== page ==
Abe tries raising defense posture
At a press conference yesterday evening, Abe called officially for a constitutional reinterpretation to enable Japan to regain its right to exercise collective self-defense, or the ability to deploy troops to help allies even in cases in which Japanese territory is not threatened.
“If there is a sudden dispute abroad and there are Japanese who want to flee,” he said, Japan will be able to send troops to emergency situation to escort U.S. military aircraft or ships to evacuate Japanese civilians.
“In such a case, unless Japan is directly attacked,” he said, “we will not be able to employ our self-defense forces to assist U.S. vessels under our current constitutional interpretation.”
This could mean Japan may also send troops to the Korean Peninsula in an emergency situation in the guise of assisting the United States or other security threats.
Korea is keeping a particularly close watch on Abe’s defense plans because Japan has used the security situation on the Korean Peninsula as an example of how it may need to exercise its right to collective self-defense.
Seoul is adamant that Japanese forces cannot come to the Korean Peninsula without explicit consent from the South Korean government.
The Korean Ministry of Foreign Affairs yesterday responded to Abe’s announcement, saying Japan needs to “work at erasing suspicions and concerns from neighboring countries regarding its history when it deals with defense and security issues.”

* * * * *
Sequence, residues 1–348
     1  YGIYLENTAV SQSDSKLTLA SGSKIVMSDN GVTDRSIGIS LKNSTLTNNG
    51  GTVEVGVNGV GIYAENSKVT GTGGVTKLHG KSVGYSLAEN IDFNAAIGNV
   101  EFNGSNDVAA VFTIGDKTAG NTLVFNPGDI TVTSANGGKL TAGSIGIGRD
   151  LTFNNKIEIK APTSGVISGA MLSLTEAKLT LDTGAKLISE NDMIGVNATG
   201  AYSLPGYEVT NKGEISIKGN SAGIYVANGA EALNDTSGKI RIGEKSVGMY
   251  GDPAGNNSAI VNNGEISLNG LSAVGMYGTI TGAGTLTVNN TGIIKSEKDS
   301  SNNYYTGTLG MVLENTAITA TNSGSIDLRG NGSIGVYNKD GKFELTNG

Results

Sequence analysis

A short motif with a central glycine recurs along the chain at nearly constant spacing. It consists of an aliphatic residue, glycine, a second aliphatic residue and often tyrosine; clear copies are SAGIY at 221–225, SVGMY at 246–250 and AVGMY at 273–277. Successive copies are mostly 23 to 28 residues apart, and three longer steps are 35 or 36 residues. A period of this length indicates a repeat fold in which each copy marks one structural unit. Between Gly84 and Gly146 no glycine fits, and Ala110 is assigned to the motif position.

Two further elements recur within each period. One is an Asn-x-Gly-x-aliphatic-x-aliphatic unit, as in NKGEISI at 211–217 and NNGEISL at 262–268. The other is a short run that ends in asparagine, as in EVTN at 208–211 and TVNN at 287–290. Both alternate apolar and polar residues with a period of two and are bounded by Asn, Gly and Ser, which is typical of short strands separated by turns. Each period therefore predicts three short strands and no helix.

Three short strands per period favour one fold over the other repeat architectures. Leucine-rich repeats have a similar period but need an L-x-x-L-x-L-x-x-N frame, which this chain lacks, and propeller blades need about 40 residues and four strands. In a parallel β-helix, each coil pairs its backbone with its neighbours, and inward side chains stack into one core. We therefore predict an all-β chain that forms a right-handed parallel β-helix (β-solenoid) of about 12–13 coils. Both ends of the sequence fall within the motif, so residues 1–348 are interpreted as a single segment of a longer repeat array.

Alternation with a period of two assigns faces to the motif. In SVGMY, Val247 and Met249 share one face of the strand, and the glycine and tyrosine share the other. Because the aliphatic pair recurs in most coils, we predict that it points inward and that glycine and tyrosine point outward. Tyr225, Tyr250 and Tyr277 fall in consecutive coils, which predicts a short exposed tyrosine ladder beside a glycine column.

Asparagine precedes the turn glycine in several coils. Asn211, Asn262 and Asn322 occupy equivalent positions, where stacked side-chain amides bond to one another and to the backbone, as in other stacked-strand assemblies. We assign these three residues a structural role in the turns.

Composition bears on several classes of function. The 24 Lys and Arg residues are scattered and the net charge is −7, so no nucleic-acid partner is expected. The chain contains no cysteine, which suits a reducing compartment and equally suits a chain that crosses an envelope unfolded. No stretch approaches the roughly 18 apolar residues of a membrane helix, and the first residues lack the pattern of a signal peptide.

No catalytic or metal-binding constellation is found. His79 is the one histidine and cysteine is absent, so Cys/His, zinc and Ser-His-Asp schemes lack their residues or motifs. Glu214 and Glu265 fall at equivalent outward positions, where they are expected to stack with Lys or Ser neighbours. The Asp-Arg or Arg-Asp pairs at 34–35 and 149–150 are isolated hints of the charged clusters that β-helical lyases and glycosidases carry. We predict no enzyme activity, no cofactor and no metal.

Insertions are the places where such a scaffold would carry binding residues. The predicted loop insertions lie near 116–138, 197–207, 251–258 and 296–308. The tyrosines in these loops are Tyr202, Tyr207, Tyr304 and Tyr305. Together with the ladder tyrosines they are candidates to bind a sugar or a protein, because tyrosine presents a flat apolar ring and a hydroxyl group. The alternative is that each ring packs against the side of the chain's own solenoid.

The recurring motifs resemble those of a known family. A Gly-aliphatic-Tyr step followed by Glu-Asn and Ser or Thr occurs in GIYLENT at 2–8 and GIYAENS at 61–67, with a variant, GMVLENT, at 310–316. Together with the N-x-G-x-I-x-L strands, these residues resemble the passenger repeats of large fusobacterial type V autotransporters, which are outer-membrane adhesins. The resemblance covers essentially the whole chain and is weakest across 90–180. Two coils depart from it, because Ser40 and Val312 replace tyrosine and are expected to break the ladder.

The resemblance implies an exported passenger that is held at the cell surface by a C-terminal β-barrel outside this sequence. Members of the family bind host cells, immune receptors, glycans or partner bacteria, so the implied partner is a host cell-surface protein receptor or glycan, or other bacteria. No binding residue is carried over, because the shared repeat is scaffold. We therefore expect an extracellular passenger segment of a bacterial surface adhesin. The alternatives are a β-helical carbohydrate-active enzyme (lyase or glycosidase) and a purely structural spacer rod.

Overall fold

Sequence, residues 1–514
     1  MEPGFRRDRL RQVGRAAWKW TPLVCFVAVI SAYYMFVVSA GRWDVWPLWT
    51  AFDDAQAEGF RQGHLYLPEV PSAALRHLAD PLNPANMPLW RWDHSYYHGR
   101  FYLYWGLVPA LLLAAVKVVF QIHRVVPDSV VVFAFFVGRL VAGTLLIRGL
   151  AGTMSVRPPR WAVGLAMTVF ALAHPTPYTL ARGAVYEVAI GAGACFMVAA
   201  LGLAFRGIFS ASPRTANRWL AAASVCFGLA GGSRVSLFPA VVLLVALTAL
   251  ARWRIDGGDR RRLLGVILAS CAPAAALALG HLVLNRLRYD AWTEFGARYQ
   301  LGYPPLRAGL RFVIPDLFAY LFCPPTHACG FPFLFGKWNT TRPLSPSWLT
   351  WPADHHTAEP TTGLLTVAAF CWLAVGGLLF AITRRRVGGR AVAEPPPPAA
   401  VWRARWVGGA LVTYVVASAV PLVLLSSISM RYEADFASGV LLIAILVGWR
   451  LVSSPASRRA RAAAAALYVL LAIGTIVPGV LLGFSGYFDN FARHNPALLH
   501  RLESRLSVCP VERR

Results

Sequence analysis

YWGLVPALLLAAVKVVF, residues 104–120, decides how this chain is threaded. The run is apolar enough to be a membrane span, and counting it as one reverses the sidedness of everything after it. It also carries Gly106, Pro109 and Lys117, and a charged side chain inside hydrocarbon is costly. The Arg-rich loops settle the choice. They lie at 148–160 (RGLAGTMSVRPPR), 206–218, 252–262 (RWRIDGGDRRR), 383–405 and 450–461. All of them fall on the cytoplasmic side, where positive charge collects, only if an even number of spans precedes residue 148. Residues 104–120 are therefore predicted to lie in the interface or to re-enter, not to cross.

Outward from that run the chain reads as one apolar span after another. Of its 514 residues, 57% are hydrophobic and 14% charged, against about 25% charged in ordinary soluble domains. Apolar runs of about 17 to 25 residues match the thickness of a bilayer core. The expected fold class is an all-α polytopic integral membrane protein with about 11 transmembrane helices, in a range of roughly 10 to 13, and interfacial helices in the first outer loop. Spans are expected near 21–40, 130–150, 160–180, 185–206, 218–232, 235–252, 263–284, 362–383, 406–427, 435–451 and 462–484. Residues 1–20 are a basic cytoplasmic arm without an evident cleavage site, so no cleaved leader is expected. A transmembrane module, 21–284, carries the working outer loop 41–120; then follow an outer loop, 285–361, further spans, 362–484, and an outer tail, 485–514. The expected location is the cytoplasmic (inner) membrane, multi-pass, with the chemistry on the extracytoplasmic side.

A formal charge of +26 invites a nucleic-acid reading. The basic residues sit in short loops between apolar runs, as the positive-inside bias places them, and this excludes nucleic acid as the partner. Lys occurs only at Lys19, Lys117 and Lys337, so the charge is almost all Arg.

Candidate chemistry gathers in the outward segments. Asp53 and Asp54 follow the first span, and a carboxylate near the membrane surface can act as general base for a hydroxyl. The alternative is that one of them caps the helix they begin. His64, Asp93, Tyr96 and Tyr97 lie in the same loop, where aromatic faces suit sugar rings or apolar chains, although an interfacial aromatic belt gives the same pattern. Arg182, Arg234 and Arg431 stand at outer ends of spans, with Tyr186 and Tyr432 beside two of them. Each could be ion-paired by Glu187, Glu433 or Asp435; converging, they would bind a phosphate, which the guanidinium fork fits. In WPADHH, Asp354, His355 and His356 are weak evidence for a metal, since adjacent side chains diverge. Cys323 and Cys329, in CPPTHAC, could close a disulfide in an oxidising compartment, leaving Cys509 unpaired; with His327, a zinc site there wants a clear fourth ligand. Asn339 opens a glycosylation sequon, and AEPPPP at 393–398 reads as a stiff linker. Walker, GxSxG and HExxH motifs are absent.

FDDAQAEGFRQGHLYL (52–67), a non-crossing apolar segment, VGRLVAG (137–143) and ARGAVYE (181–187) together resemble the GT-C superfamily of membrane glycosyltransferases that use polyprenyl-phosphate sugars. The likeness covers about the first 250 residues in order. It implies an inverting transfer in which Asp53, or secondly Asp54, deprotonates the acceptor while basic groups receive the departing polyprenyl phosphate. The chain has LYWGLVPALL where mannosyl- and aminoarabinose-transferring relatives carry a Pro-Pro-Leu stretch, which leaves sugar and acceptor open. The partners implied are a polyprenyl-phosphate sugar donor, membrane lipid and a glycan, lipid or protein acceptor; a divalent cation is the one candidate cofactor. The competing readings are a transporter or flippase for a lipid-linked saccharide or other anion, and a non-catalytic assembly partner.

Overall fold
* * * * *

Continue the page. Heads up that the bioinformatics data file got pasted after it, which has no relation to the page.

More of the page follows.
A government-appointed advisory panel of security experts submitted a report yesterday morning to Abe that called for a flexible interpretation of the Constitution’s Article 9, arguing the clause does preclude Japan’s right to collective self-defense - a drastic departure from the official view of past governments.
Article 9 of Japan’s postwar Constitution stipulates, “The Japanese people forever renounce war as a sovereign right of the nation and the threat or use of force as means of settling international disputes ...” and that the “right of belligerency of the state will not be recognized.” The Japanese government emphasized in 1981 that while as a sovereign state Japan inherently possesses the right of collective self-defense under international law, “the exercise of the right of self-defense as allowed under Article 9 of the constitution is limited to what is minimum and necessary to defend the country,” and thus exercising the right of collective self-defense is not permitted under the Constitution.
Japan currently maintains its Self-Defense Forces for defense purposes. The hawkish Abe has pushed for a strengthening of the Japanese military to expand its role in international security. During his first term as prime minister in 2006 and 2007, Abe initially advocated a constitutional amendment, a complicated and delicate process, to enable Japan to regain the right to collective self-defense, without much success.
The panel’s report said the current regional security environment - namely threats from North Korea and China, which has been boosting military spending - is a reason why Japan’s ban on collective self-defense is inadequate.
The report recommended that Japan be able to exercise the right of collective self-defense, which will enable the island nation to assist the United States in times when its naval ships come under attack while in or near Japanese waters. It also said it can shoot down a missile heading to the United States and play a greater role in UN peacekeeping operations.
BY SARAH KIM [firstname.lastname@example.org]
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